SANTA MONICA, Calif. (AP) — Charles Lane, the prolific character actor whose name was little known but whose crotchety persona and roles in hundreds of films made him recognizable to generations of moviegoers, has died. He was 102.
He appeared in such film classics as “It’s a Wonderful Life,” “Mr. Deeds Goes to Town” and “Twentieth Century.” He also had a recurring role as the scheming railroad man, Homer Bedloe, on the 1960s TV sitcom “Petticoat Junction” and appeared often on “I Love Lucy.”
His crisp, stage-trained voice and no-nonsense appearance made him a natural for playing authority figures. He was a judge in “God Is My Partner,” a prosecutor in “Call Northside 777,” a priest in “Date With an Angel” and a member of Clark Gable’s newspaper editorial board in “Teacher’s Pet.”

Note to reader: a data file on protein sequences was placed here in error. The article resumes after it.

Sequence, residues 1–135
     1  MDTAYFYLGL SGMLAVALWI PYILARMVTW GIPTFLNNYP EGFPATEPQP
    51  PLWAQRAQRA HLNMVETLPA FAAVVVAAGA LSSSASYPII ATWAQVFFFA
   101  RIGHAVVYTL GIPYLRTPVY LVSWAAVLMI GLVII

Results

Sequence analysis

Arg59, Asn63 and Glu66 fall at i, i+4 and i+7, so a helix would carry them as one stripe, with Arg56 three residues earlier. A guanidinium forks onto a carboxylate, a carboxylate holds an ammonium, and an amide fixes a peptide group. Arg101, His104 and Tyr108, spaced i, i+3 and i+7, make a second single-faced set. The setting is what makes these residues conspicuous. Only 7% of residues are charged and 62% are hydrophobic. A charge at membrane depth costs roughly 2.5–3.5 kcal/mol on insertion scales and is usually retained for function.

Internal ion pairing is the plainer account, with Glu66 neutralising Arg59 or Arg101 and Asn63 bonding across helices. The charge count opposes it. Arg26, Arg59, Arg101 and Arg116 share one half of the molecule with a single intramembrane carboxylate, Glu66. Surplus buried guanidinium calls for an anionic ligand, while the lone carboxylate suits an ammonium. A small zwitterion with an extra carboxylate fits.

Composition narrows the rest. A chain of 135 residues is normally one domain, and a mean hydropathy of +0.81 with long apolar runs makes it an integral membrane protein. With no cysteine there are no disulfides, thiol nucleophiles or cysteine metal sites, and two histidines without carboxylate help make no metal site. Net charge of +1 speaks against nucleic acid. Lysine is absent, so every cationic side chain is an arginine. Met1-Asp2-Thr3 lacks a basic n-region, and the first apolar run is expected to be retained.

Although the roles provided a good living, Mr. Lane objected to being typecast.
He turned to the stage for variety, appearing in a wide range of roles in more than 100 plays, most of them at the storied Pasadena Playhouse.
He was eventually spotted by a Warner Bros. scout and cast in his first movie, an Edward G. Robinson-James Cagney melodrama, “Smart Money,” in 1931.
Mr. Lane remained at Warner Bros., sometimes working in three or four pictures a day. He would be rushed from one set to another and handed his few lines.
Mr. Lane continued to act into his 90s, and when he accepted an award from cable television’s TV Land channel in honor of his 100th birthday, he made a point of saying he was still available for work.
By Elaine Donnelly
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